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-   -   using a Raspberry Pi 4 as a USB DSP-DAC (https://www.diyaudio.com/forums/pc-based/341590-using-raspberry-pi-4-usb-dsp-dac.html)

CharlieLaub 18th August 2019 09:28 PM

WOO-HOO ! ! ! It works. Well, I figured it would. :D

I have Gstreamer installed under Windows 10 on my laptop. I am playing some random audio thru the laptop speakers using VLC.

On the laptop, in a command terminal, I run the command:
Code:

c:\gstreamer\1.0\X86_64\bin\gst-launch-1.0.exe wasapisrc ! queue ! audioconvert ! rtpL16pay ! udpsink host=192.168.2.2 port=1234
The above command payloads 16 bit audio into RTP and sends it using UDP to the IP address of the USB ethernet gadget that I set up earlier. The exact IP address depends on what has chosen as the static IP on the Pi for the USB ethernet gadget.

On the Pi I am using my GSASysCon software to receive the stream and send it to the HDMI HAT, to which I have a pair of headphones plugged in. GSASysCon constructs and runs the following Gstreamer pipeline:

Code:

gst-launch-1.0 udpsrc port=1234 caps='application/x-rtp,media=audio,clock-rate=48000,channels=2,payload=96' ! rtpjitterbuffer latency=100 ! rtpL16depay ! queue ! audioconvert ! audio/x-raw,format=F32LE ! deinterleave name=input  input.src_0 ! tee name=input_ch0  input.src_1 ! tee name=input_ch1  audiointerleave name=output0 latency=100000000 ! queue ! alsasink device='hw:0,1'  input_ch0. ! queue ! audioconvert ! 'audio/x-raw,format=S16LE,channel-mask=(bitmask)0x1' ! output0.sink_0    input_ch1. ! queue ! audioconvert ! 'audio/x-raw,format=S16LE,channel-mask=(bitmask)0x2' ! output0.sink_1
Don't try to write that command by hand... you will make an error somewhere. Heck I haven't even added any LADSPA DSP yet. Gstreamer pipelines follow a logic but can be quite complicated, and this is why I wrote GSASysCon: to make the whole process easier for the user.

In any case, I can now use the PI to implement a multichannel (up to 8 output channels) DSP crossover, with plug-and-play USB connectivity. Without trying to reduce it in any way, the end-to-end latency is about 500msec. I guesstimated this by changing the volume in VLC and listening for the change in my headphones.

CharlieLaub 19th August 2019 01:07 PM

After finally getting the setup working via the USB ethernet gadget interface, I took a step back to think about what is going on and the pros and cons, trying to keep in mind what the overall goal is: a DAC plus DSP capabilities that can be connected to a host (e.g Windows) computer via USB.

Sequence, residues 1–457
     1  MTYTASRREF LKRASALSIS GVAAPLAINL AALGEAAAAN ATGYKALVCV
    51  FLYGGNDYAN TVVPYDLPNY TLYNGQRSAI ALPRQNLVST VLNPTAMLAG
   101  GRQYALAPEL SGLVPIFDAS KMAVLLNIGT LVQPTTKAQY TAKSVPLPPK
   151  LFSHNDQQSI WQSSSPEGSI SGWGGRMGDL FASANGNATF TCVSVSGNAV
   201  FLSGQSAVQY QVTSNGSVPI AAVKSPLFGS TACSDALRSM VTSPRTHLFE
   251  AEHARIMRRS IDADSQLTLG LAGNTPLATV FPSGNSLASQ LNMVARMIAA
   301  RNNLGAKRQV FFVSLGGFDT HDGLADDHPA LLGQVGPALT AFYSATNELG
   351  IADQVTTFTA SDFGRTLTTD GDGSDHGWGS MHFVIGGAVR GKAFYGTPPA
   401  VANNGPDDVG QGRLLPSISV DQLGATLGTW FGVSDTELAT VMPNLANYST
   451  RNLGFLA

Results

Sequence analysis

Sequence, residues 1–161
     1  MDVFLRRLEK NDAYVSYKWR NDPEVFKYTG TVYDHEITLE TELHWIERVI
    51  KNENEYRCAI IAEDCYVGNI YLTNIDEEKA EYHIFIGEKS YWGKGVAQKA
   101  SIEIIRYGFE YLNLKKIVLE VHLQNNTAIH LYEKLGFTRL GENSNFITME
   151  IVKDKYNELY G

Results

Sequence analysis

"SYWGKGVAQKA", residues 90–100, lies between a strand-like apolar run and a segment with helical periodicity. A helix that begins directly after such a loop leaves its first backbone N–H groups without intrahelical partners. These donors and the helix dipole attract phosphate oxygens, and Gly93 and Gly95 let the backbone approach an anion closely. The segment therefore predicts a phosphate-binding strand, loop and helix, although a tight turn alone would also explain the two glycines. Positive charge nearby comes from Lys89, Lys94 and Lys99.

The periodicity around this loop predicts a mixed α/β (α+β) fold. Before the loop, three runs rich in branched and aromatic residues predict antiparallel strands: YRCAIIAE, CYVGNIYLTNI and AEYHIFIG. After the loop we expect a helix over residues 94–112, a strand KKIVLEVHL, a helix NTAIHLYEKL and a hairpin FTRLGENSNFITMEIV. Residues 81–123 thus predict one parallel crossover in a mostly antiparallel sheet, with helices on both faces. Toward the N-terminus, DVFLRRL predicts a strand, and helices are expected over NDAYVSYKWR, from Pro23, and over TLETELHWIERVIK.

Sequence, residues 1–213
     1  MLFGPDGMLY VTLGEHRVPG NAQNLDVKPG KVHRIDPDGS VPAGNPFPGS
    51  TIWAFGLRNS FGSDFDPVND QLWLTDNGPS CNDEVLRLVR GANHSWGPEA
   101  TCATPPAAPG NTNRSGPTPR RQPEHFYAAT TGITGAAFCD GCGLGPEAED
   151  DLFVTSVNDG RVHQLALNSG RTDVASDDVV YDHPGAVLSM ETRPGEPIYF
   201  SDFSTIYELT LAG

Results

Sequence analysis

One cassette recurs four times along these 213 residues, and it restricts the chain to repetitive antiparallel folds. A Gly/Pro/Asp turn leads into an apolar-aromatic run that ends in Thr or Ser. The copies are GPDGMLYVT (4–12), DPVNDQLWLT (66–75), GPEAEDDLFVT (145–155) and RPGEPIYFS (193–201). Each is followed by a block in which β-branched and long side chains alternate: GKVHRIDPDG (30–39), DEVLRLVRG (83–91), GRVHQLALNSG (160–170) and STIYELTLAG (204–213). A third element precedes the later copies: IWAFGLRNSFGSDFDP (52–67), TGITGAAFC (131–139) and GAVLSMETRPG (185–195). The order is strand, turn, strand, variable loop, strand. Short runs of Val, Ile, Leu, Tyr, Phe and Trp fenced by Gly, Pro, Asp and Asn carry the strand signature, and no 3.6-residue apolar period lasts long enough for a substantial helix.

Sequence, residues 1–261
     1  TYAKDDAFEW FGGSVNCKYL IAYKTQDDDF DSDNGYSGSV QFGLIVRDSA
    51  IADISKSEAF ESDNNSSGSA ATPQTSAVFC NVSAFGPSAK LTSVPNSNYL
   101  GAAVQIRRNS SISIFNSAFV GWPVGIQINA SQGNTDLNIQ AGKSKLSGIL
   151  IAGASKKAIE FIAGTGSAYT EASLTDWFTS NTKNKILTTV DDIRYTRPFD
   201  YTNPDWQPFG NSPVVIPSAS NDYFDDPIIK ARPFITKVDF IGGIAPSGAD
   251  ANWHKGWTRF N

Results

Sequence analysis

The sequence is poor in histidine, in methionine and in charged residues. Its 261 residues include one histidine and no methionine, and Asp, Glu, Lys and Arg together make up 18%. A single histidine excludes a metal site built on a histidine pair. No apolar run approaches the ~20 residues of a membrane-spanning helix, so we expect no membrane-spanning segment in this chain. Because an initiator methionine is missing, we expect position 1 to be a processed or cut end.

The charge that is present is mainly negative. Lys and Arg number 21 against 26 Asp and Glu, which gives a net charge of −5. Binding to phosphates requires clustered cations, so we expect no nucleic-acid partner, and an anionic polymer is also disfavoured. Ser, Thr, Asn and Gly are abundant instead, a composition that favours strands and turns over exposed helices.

USB Audio Gadget Interface
PROS:
Appears on the host as an audio device. You just make this the default playback device and all audio will be routed over the USB to the Pi. Simple!
CONS:
Doesn't function under Windows! The driver needs improving and who knows when this will happen (if ever).
On the host, the audio device can only have one sample rate and bit depth, and that is configured on the Pi side, at bootup. Other formats must be resampled/adapted to it.

USB Ethernet Gadget Interface

PROS:
It works!
Can support multiple sample rates and the bit depth can be 16 or 24 bits.
CONS:
When sample rate or bit depth is changed, the streaming pipelines on the host and the Pi must be restarted.
Because it is snooping the output of a host audio device via WASAPI, it is limited to the formats supported by that device. One workaround might be to use VB-Cable (I will try this soon).
Requires a host-side app to stream the audio over the gadget connection (e.g. Gstreamer, ffmpeg, etc.). Although this can be automated as a batch file, it is more complicated than the audio gadget on the host side.

DSP/DAC on the Pi side of the Connection:
Regardless of which USB Gadget is used to transmit the audio data, how that data is handled on the Pi-side of the connection is the same. The differences lie primarily on the host side in terms of how easy the audio functionality can be implemented and in the flexibility of the audio format. Although I use Gstreamer to do all of the Pi-side tasks, this could also be handled by other applications (two are usually needed) such as ffmpeg or VLC to receive the audio data, combined with ecasound for DSP (for those who are more familiar with these apps).

CharlieLaub 19th August 2019 07:50 PM